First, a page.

The Price Disparity Between Diamonds & Other Gems

Colored: Adj. Having color [Within the nine (9) cosmic colors, viz., red, orange, yellow, green, light-blue, indigo, violet, and ultraviolet to infrared].

The color of each gem is first considered in relationship with it's related Graha (Planet). Next, when we have perceived what is the visible color of each gem, then each gem color will fit into one of the four categories of human beings: 1) Priestly, 2) Political, 3) Mercantile, and 4) Labor. All this information is clearly available within my new Vedic Gemology book, "Ancient Astrological Gemstones & Talismans."

As with diamonds, we must consider the purity of color in every gem. So far there are several internationally accepted 'systems' of color, including the World standard by Munsell. At AGT we purchase only 'clean' gems with color in the range of 1) Priestly, 2) Political, 3) Mercantile ('Political' being the most expensive color in all gems).

Just as diamonds with eye-visible flaws are rejected, so should all other defective so-called gems be rejected as undesirable and, therefore, 'worthless'. Gems with visible flaws should always be rejected as both defective and inauspicious. Flaws in color are: uneven coloration, mixed-colors, and, tones which are too light or too dark. The most perfect (EXPENSIVE) color for each gem is the 'Political' color, like blood-red for flawless rubies, pink for flawless (natural) pearls, royal-blue for blue sapphires, and so on.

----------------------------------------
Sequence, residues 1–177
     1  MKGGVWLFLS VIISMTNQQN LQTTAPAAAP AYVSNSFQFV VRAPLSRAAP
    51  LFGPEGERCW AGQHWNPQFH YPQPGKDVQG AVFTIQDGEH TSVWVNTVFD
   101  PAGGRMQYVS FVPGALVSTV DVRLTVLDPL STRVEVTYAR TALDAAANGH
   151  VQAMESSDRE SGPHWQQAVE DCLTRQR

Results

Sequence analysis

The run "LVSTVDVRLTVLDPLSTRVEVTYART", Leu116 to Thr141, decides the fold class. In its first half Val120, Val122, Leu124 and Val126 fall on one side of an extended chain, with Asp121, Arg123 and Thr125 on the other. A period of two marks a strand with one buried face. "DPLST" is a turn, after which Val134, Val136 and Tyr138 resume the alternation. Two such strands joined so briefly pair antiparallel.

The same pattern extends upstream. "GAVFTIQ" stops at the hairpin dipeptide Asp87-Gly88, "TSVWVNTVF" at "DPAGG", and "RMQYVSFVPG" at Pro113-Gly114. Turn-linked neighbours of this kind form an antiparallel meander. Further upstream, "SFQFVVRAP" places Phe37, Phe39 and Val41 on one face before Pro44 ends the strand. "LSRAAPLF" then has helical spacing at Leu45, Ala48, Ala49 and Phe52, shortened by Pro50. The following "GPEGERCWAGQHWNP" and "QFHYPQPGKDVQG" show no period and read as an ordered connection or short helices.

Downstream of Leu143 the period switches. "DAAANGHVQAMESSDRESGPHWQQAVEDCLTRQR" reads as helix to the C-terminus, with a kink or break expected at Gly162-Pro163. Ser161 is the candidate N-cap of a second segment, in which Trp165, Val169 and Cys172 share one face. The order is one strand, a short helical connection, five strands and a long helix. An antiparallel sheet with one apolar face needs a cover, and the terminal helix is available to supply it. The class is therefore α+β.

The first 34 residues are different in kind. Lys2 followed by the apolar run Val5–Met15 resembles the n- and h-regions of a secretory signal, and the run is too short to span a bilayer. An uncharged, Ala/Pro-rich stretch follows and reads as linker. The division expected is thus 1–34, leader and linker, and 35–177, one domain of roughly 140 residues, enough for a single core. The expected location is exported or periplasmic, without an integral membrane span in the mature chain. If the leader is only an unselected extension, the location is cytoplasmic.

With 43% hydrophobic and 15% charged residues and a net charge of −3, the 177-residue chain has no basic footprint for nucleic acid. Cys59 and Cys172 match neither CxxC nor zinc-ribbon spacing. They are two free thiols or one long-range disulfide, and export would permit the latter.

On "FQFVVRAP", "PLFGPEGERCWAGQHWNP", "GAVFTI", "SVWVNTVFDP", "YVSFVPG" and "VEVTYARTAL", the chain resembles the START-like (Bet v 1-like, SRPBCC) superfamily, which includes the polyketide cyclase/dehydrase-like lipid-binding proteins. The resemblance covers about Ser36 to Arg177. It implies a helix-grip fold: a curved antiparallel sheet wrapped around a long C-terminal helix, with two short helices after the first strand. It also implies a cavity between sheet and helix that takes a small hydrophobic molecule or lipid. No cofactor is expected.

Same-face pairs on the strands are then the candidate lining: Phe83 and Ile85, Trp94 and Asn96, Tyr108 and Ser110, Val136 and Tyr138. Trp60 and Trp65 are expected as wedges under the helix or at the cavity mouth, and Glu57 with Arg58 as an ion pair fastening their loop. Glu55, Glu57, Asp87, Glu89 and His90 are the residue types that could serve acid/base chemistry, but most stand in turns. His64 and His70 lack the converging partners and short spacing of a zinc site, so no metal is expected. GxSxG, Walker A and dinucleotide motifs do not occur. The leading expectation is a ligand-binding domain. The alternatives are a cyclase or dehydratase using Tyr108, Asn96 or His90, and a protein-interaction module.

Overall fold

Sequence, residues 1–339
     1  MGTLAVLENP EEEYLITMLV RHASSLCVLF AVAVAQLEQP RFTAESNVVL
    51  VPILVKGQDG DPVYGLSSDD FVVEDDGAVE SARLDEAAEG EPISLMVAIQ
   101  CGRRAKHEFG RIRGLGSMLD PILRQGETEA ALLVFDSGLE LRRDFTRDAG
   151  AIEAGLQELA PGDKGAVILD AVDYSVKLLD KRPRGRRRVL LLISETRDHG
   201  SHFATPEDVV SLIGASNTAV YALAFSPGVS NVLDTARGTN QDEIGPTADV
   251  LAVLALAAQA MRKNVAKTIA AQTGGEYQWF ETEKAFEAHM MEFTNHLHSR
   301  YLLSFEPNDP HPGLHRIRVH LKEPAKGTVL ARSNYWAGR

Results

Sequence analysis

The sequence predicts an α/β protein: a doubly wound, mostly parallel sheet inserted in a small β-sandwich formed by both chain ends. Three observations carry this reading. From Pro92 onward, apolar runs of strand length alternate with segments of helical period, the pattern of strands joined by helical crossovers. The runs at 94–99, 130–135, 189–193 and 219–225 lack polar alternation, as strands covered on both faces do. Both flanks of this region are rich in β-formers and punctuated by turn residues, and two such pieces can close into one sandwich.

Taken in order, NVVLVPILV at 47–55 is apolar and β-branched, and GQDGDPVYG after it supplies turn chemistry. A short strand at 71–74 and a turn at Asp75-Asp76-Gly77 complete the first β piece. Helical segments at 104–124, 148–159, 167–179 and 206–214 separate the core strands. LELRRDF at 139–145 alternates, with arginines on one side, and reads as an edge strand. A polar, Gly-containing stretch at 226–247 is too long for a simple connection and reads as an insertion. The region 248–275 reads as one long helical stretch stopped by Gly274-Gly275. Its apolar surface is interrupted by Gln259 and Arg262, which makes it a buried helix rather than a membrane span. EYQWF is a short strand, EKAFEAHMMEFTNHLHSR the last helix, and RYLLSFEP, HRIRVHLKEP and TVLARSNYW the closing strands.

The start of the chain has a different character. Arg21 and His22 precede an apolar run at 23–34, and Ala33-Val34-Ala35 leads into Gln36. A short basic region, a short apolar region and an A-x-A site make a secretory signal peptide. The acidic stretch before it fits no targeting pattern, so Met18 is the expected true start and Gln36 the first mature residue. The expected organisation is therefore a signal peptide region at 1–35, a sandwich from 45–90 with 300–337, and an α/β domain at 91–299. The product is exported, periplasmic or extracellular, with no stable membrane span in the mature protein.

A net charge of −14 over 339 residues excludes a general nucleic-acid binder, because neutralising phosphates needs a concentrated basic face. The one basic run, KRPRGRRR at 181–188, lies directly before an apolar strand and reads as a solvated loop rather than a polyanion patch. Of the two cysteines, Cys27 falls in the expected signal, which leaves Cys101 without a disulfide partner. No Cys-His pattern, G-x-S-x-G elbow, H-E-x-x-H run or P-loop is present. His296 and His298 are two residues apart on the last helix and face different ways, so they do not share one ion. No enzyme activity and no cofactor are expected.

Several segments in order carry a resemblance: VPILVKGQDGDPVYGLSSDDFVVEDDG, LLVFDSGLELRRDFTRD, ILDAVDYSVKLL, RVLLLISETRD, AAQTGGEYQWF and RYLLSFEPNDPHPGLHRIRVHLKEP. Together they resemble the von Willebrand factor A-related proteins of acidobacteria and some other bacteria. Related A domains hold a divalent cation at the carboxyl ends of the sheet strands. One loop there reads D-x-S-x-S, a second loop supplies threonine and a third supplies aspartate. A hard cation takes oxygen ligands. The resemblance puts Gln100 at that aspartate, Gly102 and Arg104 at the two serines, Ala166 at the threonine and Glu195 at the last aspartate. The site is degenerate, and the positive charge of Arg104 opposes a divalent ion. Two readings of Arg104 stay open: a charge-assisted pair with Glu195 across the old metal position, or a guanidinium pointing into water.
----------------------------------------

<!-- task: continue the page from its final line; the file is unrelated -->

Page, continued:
Because the ancient Sanskrit Vedas (and common sense) dictate that only 'clean', fine colored (or colorless) gems can be used as 'auspicious' Talismans, so that rules out as much as 95% of many natural, colored-gem material available. Once we have located a 'clean' gem then we can consider color quality. The truth is that flawless, natural gems are hard to find in this world (at present), at any price! Such "Jewels" are considered sacred and most auspicious "wonder's of God." Also, please recognize the fact that eye-clean (F-Vs2) diamonds are plentiful in comparison to all-most all other gemstones (ruby, natural, yellow sapphire, emerald, blue sapphire, and on down the list).

Clarity: Noun. The condition of being clean and free from contaminants.

In spite of some of today's jewelry and gem dealer's 'glorification' of gem inclusions (as "natural, proof of ID, and acceptable"), the fact of the matter remains, that a flaw is a defect, an impurity, a contaminant!!! Think of a gem material as a particular and perfect combination of atoms. These "like atoms" fit perfectly together during the formation of the Earth, to be revealed, at a later date, as jewels for humankind to treasure. We are speaking about "flawless" jewels. Other gems, which were not so lucky, formed in a "diseased" condition. Thus we have good (clean) gems and bad (flawed) gems (primitive grading system).

In ancient Asia, gems were always valued according to the quality of their "Fire" and "Water," i.e., COLOR and CLARITY. To determine clarity, the specimen was tightly encircled by the thumb and forefinger, then held up to the Sun, and viewed from behind with the light passing through the material. If the material was opaque or semi-translucent, it was considered to be completely flawed. Such "bad" gems were not useful as amulets nor for medicine, and they were, in fact, considered to be evil and harmful. If the material was translucent to transparent, then flaws were taken into consideration to determine identity, quality and value. Only in very few cases (such as coral, pearl, agate, and jade, etc.) were translucent gems ever considered for any auspicious purpose. Transparent, "single-unit" gems provide us with a "look inside," and allow us to further determine a clarity grade. The main consideration has always been "purity" of BOTH color (or it's absence) and clarity.